Islamic Terrorism in India

Most Muslims are not terrorists, but most terrorists are Muslims

Archive for October 26th, 2008

Muslim Political Council of India- Sardar Vallabhbhai Patel was a terrorist

Posted by jagoindia on October 26, 2008


Row over ‘Patel a terrorist’ gathers momentum
Saturday, October 25, 2008

Durgesh Nandan Jha | New Delhi

Maharashtra Navnirman Sena chief Raj Thackeray may shut up; Muslim clerics from Delhi are ready to carry forward his venom, though in a different tone altogether. Muslim Political Council of India has said that Sardar Vallabhbhai Patel was a terrorist. Reason: He annexed Hyderabad forcibly and had deliberately allowed the massacre of Muslims in post-partition era when he was the Home Minister of India. Not only this, the Muslim outfit has demanded that present Home Minister Shivraj Patil should also be tried and declared a terrorist for his biased approach on Muslim terrorists.

“Sardar Patel was responsible for all the riots after partition, for lakhs of Muslims who were killed in the riots. He deliberately allowed them to be killed. He was a terrorist,” said Taslim Rahmani, chief of Muslim Political Council — a Muslim outfit formed in 2001 and registered in 2006. It has about 33 members and small units in most of the Muslim dominated areas of the country.

Rahmani had made similar comments about Patel on Monday while addressing the Muslim clerics meet in Azamgarh. He had said that Nathuram Godse was the first terrorist of Independent India and Patel the second one. “I stand by my comment. Besides, Patel issued Government order that Muslims were not faithful so they must not be given important positions in Government jobs. He acted against Muslim community, which as per the widely perceived definition of terrorism is a terrorist activity,” said Rahmani.

He went on to state that even Shivraj Patil is a terrorist as he has been deliberately concealing facts about the involvement of extremist Hindu outfits in terrorist activities. “The Home Minister pronounced the Muslims caught from Jamia Nagar as terrorists but he has failed to come public on the blasts in Mehrauli and other parts of the country where Hindu outfits are suspected to be involved,” he said.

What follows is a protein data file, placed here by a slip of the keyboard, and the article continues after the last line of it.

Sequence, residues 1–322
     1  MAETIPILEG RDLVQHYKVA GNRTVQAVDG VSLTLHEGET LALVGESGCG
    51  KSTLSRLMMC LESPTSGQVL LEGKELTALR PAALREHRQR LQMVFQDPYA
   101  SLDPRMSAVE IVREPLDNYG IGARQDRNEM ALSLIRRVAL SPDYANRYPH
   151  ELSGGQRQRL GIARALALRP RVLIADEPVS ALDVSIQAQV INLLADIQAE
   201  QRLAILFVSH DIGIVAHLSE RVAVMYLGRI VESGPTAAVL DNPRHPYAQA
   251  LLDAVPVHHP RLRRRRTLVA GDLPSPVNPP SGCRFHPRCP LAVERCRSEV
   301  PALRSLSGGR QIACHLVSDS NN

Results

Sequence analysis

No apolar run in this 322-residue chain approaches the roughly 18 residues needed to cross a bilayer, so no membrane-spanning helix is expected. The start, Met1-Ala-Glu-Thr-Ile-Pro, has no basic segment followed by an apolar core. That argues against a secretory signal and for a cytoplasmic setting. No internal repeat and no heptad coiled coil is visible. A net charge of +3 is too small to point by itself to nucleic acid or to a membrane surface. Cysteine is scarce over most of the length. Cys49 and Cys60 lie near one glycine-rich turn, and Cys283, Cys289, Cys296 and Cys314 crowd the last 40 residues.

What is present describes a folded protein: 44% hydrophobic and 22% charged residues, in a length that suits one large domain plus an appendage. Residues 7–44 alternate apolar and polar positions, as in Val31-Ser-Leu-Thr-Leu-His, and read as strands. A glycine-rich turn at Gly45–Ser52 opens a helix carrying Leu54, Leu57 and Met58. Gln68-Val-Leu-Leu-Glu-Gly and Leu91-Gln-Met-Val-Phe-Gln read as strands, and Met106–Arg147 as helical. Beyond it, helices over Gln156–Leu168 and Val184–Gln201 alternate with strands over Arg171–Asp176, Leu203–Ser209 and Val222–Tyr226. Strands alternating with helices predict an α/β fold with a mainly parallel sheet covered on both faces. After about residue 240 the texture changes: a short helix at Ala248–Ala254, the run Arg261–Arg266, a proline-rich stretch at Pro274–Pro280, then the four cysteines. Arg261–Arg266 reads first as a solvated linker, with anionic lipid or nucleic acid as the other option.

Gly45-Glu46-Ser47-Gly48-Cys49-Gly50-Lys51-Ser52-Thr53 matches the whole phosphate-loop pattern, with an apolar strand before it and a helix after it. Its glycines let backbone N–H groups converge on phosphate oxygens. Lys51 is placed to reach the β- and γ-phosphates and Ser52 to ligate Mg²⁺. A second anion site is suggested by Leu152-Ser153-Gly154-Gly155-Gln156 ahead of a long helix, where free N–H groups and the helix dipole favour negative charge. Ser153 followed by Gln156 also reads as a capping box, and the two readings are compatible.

In a suo motu Press statement, Secretary General of the All India Mili Council Mohammad Manzoor Alam, Secretary, Jamaat-e-Islami Hind among other Muslim groups condemned Rahmani’s views. “It was and deplorable to term Sardar Patel a ‘terrorist’,” read the statement. “He should apologise. One may differ with Patel in opinion, but cannot label him as a terrorist,” added Alam. Jama Masjid’s chief cleric Imam Bukhari said that he did not want to speak about Rahmani or his statements.

Posted in Indian Muslims, Islamofascism, Terrorism | 1 Comment »

Indian Media report on communal riots: partial to Muslims, biased against Hindus

Posted by jagoindia on October 26, 2008


Media: A contributor in communal violence

The website, after briefly reporting the communal clash, concluded with the news of Owaisi’s visit to the troubled area and concluded that he demanded a CBI enquiry in to the incident. This gives an impression that the clashes were ignited by Hindus and the Muslim community was the worst hit. It was, infact the other way round.

Rest. Click on this link

Posted in Hindus, Indian Muslims, Islamofascism, Media, Pseudo secularism, Riots/clash | 5 Comments »

Almost all non muslim countries with significant muslim populations have muslim problems

Posted by jagoindia on October 26, 2008



Muslim problem in Israel is similar to Muslim problems in other countries like Russia , India , Thailand ,Philipines , Nigeria , France ,etc

Reader comment on article: Israel’s Domestic Enemy
Submitted by Bengal (India), Dec 19, 2006 at 22:43

Israel has a big muslim problem , Which country doesn’t have muslim problems ??

Almost all non muslim countries with significant muslim populations have muslim problems. For example : Russia , France , Spain , India , Thailand,Philipines , Nigeria , Kenya , Tanzania , Former Yugoslavia , Lebanon,etc.

Wherever there are muslims , Problems , Poverty and Terrorism will follow.

We have to realise that Muslims are driven by allah’s orders in Koran which continuously motivates them to wage a Jehad and fight non muslims everywhere they live.

Muslims are only peaceful when they are weak and not able to do anything. As soon as they are in position to damage you they will strike you by all possible means . Muslim tribesmen have beheaded western jounalists by knives. Whereas Mohamad atta crashed aeroplanes into World Trade Center and murdered thousands. So Whenever they will get chance or means , they will use it against kaffir non muslims.

We have to go to the roots of problem , that is ideology of Islam in Koran.